Wednesday, August 11, 2010

Gaudy Night

So, I finally got that Dorothy Sayers recommendation I was waiting for and 'twas Gaudy Night. It was excellent, and I am very happy! Apparently it's the book that distinguished Sayers from a mere genre writer of detective fiction (the horror!) to an actual writer of literature-y fiction (huzzah!)

The main character is Harriet Vane a (wait for it...) writer of detective fiction and really terrific, strong, female character that's reticent to marry the handsome, charming, intelligent (filthy rich) Peter Whimsey because she fears he might not treat her as an equal (amongst other things).

Vane is asked to return to her alma mater, Oxford, where, in one of the women's colleges, a "poison pen" is wrecking havoc on the school. This "poison pen" writes vile things on the walls and sends people nasty and threatening notes. What's really interesting is how Sayers tells a rivoting mystery without that classic event of so many detective stories: a murder. In fact, she manages to tell the whole tale of the "poison pen" without ever actually writing any dirty words herself, leaving the reader is left to imagine what might have been written.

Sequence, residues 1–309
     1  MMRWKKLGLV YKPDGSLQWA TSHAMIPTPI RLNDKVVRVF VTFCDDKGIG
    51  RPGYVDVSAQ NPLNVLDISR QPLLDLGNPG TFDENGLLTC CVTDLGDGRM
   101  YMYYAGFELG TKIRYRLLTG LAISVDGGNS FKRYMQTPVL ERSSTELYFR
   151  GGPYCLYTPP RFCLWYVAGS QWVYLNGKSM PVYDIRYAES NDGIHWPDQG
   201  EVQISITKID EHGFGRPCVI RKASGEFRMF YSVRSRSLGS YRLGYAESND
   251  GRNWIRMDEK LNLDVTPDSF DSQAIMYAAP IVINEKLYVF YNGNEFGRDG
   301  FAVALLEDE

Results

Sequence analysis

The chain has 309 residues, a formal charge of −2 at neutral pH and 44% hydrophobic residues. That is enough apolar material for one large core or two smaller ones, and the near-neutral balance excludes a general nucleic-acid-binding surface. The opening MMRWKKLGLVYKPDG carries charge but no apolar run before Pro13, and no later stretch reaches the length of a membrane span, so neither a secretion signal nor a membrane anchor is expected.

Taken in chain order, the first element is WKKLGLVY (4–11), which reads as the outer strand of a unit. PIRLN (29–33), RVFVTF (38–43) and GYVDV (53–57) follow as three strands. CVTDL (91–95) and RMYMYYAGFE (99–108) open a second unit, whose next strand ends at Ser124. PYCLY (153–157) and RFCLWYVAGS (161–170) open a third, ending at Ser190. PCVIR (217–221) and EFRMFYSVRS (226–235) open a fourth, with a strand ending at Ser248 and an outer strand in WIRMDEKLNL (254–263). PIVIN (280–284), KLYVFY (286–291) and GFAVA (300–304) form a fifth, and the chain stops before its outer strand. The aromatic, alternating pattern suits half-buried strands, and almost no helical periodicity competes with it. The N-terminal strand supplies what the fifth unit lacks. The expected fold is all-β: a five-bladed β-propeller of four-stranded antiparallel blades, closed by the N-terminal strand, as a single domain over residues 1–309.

Written in 1936, the book displays a rather interesting pre-war sentiment. Here are two colloquial characters:
"When I was a lad," replied the foreman, "young ladies was young ladies. And young gentlement was young gentlemen. If you get my meaning."

"Wot this country wants, "said Padgett, "Is a 'Itler."
Like her other books, this one is very funny and awfully smart. I love the character of Harriet Vane, and look forward to reading the other books that are about her. She appears in Strong Poison and is also in Have his Carcase (?) and Busman's Honeymoon.

This song comes up in the book, btw. Lovely. Also, thank goodness (and I don't think I'm ruining it) despite the fact that Whimsey is the famous detective, it's Harriet who is respected for her detective abilities and gets herself out of her own scrapes. Ultimately, Gaudy Night examines the sort of clash of pre-war England as people choose a cultural allegiance - progressivism and intellectualism or political and social regressivism (in a 1930s kind of way).

I would highly recommend this book - at 501 pages (paperback), you can really sink your teeth into it, and you'll want to!

Oh, brush up on your latin! And, if you have already read it and are a Harry Potter fan (or not...) check this out! Hilarious.

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